Big names play charity concert.
A host of Birmingham’s musical talent lined up at the Asylum on Tuesday evening to pay tribute to one of their peers.
Mike Burney, best known for his work with Wizzard and generally regarded the city’s finest saxophonist, has been unable to perform recently due to serious illness and many of the people he has worked with over the years took to the stage to help raise money for this unsung hero.
The night’s proceedings were kicked off by young singer Becky Downes and then Mike’s own band the Old Horns, supplemented by Moseley’s finest Steve Ajao and singer Nanette Allen. Then came Steve Gibbons, who led his band through a bluesy, laid back set that suited the night perfectly.
As the venue approached capacity the night got hotter, and appropriately enough Roy Wood’s band took the stage, followed by their main man himself. The city has produced many rock’n’roll legends over the years but it doesn’t take long to realise that should the Birmingham Supergroup ever be formed there could only be one frontman – and it wouldn’t be you Ozzy. Kicking off with California Man they blasted through a quick rundown of Move and Wizzard classics, the latter band’s numbers being reworked particularly well by a top-notch horn section. Given the reason for being there, they had to be. And yes, on the warmest night for what seems like years, Roy finished with That Christmas Song.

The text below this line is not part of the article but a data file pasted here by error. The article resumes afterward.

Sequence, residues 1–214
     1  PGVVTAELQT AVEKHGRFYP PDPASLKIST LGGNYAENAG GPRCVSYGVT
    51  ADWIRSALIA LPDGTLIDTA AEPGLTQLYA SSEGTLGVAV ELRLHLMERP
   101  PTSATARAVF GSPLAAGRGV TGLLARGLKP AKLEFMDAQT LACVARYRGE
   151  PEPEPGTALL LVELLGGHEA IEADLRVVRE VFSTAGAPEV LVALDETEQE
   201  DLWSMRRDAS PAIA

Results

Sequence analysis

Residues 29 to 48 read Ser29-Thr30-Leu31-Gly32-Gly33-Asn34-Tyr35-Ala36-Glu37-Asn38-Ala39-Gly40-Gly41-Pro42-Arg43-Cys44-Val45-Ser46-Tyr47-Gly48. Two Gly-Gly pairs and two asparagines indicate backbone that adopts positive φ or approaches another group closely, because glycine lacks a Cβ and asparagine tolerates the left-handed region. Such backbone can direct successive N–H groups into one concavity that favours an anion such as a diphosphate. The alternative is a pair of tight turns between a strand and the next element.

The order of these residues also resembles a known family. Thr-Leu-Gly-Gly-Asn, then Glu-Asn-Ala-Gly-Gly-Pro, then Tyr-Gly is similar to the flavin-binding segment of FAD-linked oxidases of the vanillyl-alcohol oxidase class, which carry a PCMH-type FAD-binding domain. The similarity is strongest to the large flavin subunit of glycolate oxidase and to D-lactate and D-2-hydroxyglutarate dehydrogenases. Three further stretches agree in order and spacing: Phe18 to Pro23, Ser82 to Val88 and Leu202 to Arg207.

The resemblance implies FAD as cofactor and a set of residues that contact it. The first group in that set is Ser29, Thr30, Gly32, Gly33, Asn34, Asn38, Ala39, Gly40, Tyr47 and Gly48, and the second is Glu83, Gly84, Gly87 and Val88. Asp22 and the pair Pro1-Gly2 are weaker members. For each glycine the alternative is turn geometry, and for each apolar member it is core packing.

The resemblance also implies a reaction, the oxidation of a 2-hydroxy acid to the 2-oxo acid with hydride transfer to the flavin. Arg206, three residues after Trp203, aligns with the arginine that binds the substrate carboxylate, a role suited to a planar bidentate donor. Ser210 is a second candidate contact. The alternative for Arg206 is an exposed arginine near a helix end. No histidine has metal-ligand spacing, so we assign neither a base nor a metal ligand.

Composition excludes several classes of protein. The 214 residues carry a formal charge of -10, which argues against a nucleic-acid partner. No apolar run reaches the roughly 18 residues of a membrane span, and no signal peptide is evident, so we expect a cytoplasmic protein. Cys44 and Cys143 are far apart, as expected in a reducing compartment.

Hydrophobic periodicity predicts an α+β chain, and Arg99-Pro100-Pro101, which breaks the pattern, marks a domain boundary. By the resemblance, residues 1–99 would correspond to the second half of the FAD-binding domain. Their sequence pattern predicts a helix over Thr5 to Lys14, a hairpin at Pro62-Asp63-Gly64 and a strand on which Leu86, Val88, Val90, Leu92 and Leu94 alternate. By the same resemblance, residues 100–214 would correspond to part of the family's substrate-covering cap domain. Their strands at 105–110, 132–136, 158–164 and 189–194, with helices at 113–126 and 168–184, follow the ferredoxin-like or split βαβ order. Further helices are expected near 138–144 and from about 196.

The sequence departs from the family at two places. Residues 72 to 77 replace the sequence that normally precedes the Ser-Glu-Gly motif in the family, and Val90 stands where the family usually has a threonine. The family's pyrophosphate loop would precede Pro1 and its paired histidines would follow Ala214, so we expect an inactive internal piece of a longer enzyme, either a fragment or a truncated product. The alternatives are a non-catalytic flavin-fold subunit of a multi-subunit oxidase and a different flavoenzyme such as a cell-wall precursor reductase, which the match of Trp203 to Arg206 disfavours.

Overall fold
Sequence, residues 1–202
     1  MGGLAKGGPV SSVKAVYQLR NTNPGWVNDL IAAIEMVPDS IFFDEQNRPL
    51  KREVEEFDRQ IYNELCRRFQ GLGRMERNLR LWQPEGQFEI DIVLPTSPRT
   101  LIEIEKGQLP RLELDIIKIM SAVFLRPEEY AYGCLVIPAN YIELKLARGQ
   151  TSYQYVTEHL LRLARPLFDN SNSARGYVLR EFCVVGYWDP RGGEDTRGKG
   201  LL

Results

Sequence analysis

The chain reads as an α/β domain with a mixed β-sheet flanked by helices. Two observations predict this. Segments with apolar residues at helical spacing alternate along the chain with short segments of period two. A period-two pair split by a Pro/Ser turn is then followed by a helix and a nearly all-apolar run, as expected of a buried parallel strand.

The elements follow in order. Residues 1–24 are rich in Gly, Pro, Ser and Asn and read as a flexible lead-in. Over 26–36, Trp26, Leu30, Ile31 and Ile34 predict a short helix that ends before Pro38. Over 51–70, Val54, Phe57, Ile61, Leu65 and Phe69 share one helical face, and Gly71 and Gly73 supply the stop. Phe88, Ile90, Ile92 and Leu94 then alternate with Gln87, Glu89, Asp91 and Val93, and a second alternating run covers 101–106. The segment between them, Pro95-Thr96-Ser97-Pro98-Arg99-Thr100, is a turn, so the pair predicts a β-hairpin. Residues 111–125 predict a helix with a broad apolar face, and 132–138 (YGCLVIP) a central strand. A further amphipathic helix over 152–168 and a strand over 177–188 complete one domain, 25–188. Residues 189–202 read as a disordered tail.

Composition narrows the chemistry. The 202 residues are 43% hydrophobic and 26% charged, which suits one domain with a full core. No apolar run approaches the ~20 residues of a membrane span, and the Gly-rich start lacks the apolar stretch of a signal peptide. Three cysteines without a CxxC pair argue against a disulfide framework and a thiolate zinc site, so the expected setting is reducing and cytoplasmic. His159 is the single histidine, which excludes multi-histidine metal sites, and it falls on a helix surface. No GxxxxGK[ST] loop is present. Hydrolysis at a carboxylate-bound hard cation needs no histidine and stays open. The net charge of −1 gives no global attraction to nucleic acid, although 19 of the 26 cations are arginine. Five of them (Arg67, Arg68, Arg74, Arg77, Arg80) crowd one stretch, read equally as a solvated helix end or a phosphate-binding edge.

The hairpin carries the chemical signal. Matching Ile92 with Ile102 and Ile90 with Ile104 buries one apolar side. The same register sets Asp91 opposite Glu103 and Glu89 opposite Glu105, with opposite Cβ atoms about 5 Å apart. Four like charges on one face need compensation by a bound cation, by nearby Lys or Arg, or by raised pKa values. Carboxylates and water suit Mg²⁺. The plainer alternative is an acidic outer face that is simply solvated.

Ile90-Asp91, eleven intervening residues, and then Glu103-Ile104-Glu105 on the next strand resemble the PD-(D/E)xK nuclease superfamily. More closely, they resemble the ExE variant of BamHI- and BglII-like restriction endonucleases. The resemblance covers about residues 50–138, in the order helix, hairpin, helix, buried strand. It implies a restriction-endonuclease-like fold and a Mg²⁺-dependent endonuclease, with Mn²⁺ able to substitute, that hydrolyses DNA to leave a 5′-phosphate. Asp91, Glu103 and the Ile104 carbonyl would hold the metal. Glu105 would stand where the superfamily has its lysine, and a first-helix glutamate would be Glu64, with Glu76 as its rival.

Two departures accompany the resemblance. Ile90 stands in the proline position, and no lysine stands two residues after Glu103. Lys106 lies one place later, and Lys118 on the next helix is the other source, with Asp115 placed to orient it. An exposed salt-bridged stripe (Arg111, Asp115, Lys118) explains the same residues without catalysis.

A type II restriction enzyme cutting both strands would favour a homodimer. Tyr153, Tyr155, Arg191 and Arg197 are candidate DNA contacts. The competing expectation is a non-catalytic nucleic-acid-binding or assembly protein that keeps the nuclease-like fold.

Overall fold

Next up were the only band who could have followed Roy Wood at an event like this. King Pleasure & the Biscuit Boys came on, ran through their set and entertained the audience just like they always do. There was no great musical virtuosity on display, even though everyone who took to the stage was more than capable of holding their own in such company, just a succession of entertaining bands who seemed to enjoy themselves as much as the audience did.
The evening was rounded off by Mike appearing on stage to thank everyone who took part and attended, before most of the musicians came back on for one finale featuring what may have been the biggest horn section the city has ever seen – a fitting tribute to a man they all acknowledge as the master.